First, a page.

How India wins by entering global debt indexes

India will, however, have to do away with the foreign fund investment limits in government debt, currently capped at USD 30 billion, which is a key criteria for inclusion in such indexes as the market otherwise is considered restrictive.
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Sep 13, 2013, 10.06 AM | Source: Reuters

How India wins by entering global debt indexes

India will, however, have to do away with the foreign fund investment limits in government debt, currently capped at USD 30 billion, which is a key criteria for inclusion in such indexes as the market otherwise is considered restrictive.

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How India wins by entering global debt indexes

India will, however, have to do away with the foreign fund investment limits in government debt, currently capped at USD 30 billion, which is a key criteria for inclusion in such indexes as the market otherwise is considered restrictive.

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How India wins by entering global debt indexes
India's inclusion in popular government bond indexes such as the JP Morgan's Government Bond-Emerging Markets-Global Diversified index could attract about USD 20 billion-USD 40 billion in over a year, Standard Chartered Bank writes in a note on Thursday.

India will, however, have to do away with the foreign fund investment limits in government debt, currently capped at USD 30 billion, which is a key criteria for inclusion in such indexes as the market otherwise is considered restrictive.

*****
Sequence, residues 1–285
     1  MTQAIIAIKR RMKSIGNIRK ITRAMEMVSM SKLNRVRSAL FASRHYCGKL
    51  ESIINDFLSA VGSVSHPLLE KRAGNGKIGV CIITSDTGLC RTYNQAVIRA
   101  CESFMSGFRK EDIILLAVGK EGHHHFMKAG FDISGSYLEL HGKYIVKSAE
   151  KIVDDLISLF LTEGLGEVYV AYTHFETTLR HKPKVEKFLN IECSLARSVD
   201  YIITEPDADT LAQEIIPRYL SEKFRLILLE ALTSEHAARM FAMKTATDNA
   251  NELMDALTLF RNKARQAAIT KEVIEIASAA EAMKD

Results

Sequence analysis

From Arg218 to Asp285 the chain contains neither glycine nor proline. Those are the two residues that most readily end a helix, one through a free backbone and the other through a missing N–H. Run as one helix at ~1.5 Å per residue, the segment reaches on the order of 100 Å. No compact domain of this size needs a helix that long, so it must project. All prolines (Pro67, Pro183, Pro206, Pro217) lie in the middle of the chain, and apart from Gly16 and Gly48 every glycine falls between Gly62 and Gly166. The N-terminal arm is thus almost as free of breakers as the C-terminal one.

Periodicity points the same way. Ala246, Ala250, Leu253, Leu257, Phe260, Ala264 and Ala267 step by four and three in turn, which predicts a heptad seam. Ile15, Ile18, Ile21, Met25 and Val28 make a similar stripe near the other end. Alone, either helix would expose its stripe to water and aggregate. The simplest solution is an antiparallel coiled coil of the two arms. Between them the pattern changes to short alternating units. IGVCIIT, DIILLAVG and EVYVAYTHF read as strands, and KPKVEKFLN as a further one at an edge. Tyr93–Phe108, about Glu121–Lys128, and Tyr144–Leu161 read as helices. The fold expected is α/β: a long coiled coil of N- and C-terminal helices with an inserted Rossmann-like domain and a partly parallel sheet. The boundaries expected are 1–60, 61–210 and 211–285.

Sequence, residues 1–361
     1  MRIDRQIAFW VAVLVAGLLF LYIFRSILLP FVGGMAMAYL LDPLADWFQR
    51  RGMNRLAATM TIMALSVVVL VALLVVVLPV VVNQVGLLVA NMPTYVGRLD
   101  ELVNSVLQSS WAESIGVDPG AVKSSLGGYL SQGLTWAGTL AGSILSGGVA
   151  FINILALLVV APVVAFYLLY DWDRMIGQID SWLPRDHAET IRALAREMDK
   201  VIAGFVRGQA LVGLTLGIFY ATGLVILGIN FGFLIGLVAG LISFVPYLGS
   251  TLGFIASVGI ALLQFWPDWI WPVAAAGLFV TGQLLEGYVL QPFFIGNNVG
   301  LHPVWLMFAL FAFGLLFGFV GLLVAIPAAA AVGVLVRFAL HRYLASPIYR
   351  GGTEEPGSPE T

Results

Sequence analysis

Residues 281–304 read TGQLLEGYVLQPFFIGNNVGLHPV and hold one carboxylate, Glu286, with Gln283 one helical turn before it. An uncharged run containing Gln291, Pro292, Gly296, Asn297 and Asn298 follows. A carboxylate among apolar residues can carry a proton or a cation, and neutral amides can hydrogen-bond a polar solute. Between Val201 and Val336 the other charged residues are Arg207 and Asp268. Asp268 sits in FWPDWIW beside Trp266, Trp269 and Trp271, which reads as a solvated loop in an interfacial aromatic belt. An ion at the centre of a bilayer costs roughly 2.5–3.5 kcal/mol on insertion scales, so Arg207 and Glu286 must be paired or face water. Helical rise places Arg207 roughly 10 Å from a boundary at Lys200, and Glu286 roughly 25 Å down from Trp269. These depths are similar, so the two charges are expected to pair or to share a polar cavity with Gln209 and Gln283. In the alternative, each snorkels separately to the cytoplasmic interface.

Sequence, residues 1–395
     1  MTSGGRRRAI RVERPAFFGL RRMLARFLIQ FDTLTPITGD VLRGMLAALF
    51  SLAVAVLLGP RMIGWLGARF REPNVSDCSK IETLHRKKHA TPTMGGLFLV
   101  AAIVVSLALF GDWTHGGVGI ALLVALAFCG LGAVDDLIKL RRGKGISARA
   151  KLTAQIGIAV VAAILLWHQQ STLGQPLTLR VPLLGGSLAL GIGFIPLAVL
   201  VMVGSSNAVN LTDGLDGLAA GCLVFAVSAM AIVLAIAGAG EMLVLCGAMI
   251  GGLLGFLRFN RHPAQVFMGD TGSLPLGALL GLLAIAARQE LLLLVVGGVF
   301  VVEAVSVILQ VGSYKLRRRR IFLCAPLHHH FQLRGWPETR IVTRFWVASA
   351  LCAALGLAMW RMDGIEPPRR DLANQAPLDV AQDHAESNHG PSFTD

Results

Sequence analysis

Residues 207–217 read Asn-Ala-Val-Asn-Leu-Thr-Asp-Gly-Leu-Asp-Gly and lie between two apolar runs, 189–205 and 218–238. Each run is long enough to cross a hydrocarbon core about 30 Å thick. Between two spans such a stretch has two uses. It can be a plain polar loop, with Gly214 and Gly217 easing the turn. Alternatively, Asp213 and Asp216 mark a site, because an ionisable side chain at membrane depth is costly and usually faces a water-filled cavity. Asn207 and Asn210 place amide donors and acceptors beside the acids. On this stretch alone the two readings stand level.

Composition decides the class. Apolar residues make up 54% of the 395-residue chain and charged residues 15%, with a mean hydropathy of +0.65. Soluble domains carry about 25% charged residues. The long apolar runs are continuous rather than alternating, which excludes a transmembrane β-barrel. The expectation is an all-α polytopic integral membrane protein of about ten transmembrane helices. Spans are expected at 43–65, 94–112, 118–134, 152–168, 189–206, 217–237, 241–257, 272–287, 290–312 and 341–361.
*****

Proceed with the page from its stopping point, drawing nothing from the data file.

The bank said the move would help the rupee and the debt market while also easing balance of payments concerns. It will result in foreign fund outflows from Turkey, Indonesia, Thailand and Hungary, they added. Standard Chartered expects India to have around 10 percent weight in the index eventually, though it may be assigned a lower weightage in the beginning.

Also Read: ETFs now investing in India; bullish on cement, says ICICI Sec

The investment bank says Indian policymakers' belief that high foreign ownership would lead to elevated bond-market volatility may be unfounded as research across 14 EM countries shows only a weak relationship between these two factors.

The bank expects India's inclusion to firstly help bond markets by bringing in inflows from a wider investor base, deepen the market, and boost the rupee while also helping the economy at large.

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